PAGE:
Montreal native Louis Chenevert spent his childhood in 1960’s Quebec nurturing an interest in business and innate understanding of hard work and financial rewards he would seek out in his storied career. This drive followed Chenevert into adulthood, as he pursued a business degree at the University of Montreal.
Chenevert’s ambition paid off when he quickly landed a position at a General Motors plant in St. Therese. Charged with the plant’s assembly line, he was given a crash course in quick thinking and sound decision-making the rapid pace of the auto industry required.
Dedicating the next 15 years of his life to the auto industry, Louis Chenevert decided in 1993 it was time for a change. He took a role at Pratt & Whitney Canada (PWC), building airplane engines. He remained with PWC’s parent company, P&W, for a number of years, eventually rising to the company’s presidency in 1999.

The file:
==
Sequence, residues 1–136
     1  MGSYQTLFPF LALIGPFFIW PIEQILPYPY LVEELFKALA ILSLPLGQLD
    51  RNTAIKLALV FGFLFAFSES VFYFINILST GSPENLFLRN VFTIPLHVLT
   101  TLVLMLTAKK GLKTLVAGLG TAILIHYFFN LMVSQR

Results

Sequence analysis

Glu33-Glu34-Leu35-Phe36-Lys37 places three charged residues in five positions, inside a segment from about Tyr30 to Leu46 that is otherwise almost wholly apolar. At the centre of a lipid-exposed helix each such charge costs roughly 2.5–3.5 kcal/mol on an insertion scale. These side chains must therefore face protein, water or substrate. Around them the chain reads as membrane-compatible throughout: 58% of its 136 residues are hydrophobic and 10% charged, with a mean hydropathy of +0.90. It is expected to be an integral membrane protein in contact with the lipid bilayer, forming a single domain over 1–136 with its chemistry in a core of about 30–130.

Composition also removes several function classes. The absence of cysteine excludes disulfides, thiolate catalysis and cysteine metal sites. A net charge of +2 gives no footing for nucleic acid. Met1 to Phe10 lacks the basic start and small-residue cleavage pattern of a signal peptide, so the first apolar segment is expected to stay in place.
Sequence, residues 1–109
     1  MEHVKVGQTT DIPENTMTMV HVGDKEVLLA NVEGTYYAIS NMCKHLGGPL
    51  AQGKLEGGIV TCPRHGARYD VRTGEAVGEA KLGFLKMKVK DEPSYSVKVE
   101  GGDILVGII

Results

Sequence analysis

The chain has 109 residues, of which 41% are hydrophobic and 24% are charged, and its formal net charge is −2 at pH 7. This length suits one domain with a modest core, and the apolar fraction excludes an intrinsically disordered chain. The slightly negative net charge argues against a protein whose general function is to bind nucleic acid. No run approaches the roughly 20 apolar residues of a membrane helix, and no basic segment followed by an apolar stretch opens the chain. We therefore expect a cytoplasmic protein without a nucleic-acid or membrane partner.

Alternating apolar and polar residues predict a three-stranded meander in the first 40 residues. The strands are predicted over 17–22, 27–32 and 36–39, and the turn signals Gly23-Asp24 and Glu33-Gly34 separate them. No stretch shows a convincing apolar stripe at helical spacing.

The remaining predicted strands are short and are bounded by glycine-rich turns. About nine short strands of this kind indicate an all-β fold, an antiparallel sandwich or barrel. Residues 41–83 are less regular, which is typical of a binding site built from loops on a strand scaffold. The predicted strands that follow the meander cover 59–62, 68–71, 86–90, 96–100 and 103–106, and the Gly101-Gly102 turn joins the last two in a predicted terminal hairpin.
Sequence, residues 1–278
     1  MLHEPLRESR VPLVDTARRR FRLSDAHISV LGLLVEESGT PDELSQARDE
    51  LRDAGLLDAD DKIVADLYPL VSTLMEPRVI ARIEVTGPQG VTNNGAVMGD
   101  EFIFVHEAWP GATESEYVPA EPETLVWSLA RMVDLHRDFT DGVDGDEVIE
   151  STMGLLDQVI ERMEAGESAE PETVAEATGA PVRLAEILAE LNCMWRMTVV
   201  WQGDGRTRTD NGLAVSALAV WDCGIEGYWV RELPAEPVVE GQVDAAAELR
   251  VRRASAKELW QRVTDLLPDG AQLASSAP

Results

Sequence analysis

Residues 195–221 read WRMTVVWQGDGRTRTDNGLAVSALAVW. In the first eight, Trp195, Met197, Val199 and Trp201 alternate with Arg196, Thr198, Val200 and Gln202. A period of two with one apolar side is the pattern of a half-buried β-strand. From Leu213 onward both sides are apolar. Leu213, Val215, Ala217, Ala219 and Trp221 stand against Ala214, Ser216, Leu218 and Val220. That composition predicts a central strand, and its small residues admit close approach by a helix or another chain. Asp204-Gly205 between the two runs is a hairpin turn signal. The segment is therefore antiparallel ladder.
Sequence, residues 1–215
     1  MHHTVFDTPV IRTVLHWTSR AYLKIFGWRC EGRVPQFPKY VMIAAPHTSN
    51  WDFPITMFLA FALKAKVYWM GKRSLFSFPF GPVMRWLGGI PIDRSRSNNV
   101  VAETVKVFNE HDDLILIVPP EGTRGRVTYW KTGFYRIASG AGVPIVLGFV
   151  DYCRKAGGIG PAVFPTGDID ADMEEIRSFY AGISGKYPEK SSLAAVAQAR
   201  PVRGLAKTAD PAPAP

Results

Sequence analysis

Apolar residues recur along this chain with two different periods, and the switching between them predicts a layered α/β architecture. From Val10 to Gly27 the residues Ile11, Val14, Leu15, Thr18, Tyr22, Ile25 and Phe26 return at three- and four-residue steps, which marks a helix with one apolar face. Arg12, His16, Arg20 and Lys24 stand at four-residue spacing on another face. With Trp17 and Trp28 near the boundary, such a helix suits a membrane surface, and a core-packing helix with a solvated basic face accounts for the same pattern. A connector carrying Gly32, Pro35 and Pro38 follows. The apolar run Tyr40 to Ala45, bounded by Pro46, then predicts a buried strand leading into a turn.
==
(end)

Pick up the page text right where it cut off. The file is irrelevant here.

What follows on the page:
P&W was not in the best financial position at the time, but Chenevert felt up to the challenge. Under his leadership the company innovated itself back into profitability, even as the economy entered a recession. During this time Chenevert took a great interest in the company’s geared turbofan (GTF) that was under development. The GTF would play an important role in his next move.
P&W was a subsidiary of the larger United Technologies Corporation (UTC), operating across a variety of industries. Chenevert’s successes at P&W made him an obvious choice to take a director’s chair at UTC. Remembering the GTF, Chenevert maneuvered the project, a venture many criticized for its cost, into UTC’s flagship product. The GTF now flies on 70 different planes across 14 airlines.
Finally in 2008, with nowhere else to go, Louis Chenevert was named CEO and President of UTC. For the little boy from Montreal, it was the culmination of his life’s work. When Chenevert retired from UTC in 2014 his shareholders had received a return of more than 84% on their investment. An astounding sum that set the company up for continued profitably long after he was gone.